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Intranasal Pathology in the Migraine Surgery Population: Incidence, Patterns, and Predictors of Surgical Success

Lee, Michelle M.D.; Erickson, Cameron M.D.; Guyuron, Bahman M.D.

Plastic and Reconstructive Surgery: January 2017 - Volume 139 - Issue 1 - p 184-189
doi: 10.1097/PRS.0000000000002888
Reconstructive: Head and Neck: Original Articles
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Discussion

Background: The purpose of this study was to identify patterns of nasal pathology in patients with rhinogenic migraine headaches (site III).

Methods: A retrospective review was performed on patients with rhinogenic migraine headaches. Demographics, pre– and post–migraine surgery symptoms, and pathology seen on preoperative computed tomographic scans were reviewed.

Results: Twenty percent of 98 patients had preoperative sinus disease. The following abnormalities were seen on computed tomographic scan: septal deviation, 75 (77 percent); septal spur, 33 (34 percent); middle concha bullosa, 48 (49 percent); sinus pathology, 20 (20 percent); and intranasal contact points, 62 (62 percent). A higher incidence of clinical sinusitis (20 percent migraine versus 5 to 15 percent in the general population) was also seen. Septoplasty was performed in 89 percent of patients, and conservative turbinectomy was performed in 60 percent of patients. Patients who failed surgery (<50 percent reduction in migraine headache index) had a significantly higher incidence of contact points (80 percent versus 56 percent; p = 0.034) than successful migraine patients. The surgery success group also had a higher incidence of preoperative middle concha bullosa compared with the failure group (71 percent versus 48 percent; p = 0.035).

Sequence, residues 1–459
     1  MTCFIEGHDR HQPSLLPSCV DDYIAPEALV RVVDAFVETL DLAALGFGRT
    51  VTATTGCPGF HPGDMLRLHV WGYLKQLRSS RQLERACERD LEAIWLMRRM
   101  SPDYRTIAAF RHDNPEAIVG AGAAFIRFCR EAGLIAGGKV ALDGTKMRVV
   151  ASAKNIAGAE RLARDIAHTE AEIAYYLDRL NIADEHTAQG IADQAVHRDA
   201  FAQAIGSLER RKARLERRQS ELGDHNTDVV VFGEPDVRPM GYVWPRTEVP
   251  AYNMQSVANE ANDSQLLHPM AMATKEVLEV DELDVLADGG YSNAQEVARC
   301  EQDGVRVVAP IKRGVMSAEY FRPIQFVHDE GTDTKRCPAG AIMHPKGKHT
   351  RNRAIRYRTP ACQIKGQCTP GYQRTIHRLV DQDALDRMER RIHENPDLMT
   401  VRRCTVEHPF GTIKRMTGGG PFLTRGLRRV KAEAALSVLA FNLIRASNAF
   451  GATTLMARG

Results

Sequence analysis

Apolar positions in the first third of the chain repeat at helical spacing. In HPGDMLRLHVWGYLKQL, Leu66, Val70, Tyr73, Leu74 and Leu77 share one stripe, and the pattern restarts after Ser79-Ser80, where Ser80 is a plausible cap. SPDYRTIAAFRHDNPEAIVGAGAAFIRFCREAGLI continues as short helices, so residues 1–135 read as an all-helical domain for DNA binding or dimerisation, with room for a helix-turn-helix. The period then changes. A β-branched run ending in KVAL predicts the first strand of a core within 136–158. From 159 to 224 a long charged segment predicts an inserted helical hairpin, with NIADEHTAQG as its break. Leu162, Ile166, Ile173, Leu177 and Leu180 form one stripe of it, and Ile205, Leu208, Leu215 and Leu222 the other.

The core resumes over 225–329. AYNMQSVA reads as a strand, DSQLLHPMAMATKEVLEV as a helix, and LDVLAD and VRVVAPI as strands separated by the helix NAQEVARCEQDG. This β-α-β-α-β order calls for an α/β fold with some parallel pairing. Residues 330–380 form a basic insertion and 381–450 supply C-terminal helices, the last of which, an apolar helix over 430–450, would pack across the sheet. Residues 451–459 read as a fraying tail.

Conclusions: This is the first cohort study to identify the incidence and pattern of nasal pathology in migraine III patients. It is likely that the failure to achieve more successful outcomes in this patient population was the consequence of conservative nasal management and residual contact points because of concern for the development of nasal dryness. More frequent middle turbinate surgery may result in better clinical outcomes in this group of patients.

Cleveland, Ohio

From the Department of Plastic and Reconstructive Surgery, University Hospitals Case Medical Center, Case Western Reserve School of Medicine.

Received for publication January 7, 2016; accepted August 10, 2016.

Disclosure:Dr. Guyuron receives royalties from Elsevier for the Guyuron Rhinoplasty book.

Bahman Guyuron, M.D., 29017 Cedar Road, Cleveland (Lyndhurst), Ohio 44124, bahman.guyuron@gmail.com

Copyright © 2016 by the American Society of Plastic Surgeons